What has been changed in terms of planning?

ISO 9001:2015 requires the organization to address risks and opportunities, quality objectives and planning of changes throughout the organization. As new products, technologies, markets and business opportunities arise, it is to be expected that organizations will want to take full advantage of these opportunities. This has to done in a controlled manner, and be balanced against the potential risks involved, which could lead to undesirable side-effects.

Are organizations still allowed to exclude requirements of ISO 9001?

ISO 9001:2015 no longer refers to “exclusions” in relation to the applicability of its requirements to the organization’s quality management system. However, an organization can determine the applicability of requirements. All requirements in the new standard are intended to apply. The organization can only decide that a requirement is not applicable if its decision will not affect its ability or responsibility to ensure the conformity of products and services and the enhancement of customer satisfaction.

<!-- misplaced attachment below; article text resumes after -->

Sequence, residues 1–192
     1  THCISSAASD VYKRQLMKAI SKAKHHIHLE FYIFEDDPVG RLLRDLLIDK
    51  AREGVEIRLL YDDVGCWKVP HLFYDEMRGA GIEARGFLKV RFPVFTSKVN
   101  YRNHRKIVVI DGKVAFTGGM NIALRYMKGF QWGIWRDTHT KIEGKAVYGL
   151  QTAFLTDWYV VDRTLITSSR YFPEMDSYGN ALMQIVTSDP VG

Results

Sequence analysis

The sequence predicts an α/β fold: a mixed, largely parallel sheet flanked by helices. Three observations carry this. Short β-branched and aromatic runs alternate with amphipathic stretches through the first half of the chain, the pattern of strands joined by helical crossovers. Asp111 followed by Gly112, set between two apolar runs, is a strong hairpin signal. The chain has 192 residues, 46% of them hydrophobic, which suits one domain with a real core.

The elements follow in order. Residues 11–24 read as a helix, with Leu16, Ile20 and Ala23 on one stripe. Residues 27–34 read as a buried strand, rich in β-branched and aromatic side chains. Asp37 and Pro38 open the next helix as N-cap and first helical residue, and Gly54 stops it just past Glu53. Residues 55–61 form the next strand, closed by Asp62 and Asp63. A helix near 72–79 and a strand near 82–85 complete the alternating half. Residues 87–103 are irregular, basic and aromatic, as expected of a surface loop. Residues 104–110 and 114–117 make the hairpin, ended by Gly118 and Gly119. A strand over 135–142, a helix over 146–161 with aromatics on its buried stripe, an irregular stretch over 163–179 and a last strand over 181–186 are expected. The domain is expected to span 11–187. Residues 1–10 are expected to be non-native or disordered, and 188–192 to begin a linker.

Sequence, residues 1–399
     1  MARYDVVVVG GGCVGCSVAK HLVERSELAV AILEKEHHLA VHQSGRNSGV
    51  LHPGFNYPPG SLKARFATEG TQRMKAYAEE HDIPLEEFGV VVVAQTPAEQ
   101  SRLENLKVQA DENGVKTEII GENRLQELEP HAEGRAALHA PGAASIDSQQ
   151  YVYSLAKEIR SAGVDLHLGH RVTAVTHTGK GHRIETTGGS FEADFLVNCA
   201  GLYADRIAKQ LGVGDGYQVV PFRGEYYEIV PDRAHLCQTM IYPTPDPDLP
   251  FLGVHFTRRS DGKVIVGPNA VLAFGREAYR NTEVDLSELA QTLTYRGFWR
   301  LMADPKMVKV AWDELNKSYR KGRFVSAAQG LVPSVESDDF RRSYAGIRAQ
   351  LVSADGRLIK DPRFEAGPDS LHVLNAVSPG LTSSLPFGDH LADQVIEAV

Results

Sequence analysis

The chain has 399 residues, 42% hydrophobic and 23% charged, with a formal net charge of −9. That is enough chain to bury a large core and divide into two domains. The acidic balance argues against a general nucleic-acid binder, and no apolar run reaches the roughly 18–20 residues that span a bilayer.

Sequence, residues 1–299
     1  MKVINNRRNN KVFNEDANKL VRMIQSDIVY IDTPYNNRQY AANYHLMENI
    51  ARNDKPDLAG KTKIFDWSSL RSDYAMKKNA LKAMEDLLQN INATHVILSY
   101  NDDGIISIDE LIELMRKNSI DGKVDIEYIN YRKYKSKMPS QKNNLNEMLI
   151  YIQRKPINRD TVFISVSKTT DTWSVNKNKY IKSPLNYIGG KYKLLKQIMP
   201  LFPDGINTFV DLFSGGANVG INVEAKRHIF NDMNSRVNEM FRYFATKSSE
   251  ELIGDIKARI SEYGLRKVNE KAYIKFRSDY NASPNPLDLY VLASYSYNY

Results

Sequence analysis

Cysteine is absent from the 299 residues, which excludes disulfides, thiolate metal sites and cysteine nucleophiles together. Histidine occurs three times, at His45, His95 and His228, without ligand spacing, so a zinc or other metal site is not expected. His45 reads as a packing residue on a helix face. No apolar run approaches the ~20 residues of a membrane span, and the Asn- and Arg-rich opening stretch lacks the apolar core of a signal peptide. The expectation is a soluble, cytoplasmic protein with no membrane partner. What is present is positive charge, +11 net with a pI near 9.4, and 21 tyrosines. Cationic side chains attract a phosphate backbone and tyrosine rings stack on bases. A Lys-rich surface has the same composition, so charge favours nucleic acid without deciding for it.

What is the process approach and is it still applicable to ISO 9001:2015? 

The process approach is a way of obtaining a desired result, by managing activities and related resources as a process. Although the clause structure of ISO 9001:2015 follows the Plan-Do-Check-Act sequence, the process approach is still the underlying concept for the QMS. 

What are the benefits of the new version of ISO 9001?

  • Less prescriptive, but with greater focus on achieving conforming products and services
  • More user friendly for service and knowledge-based organizations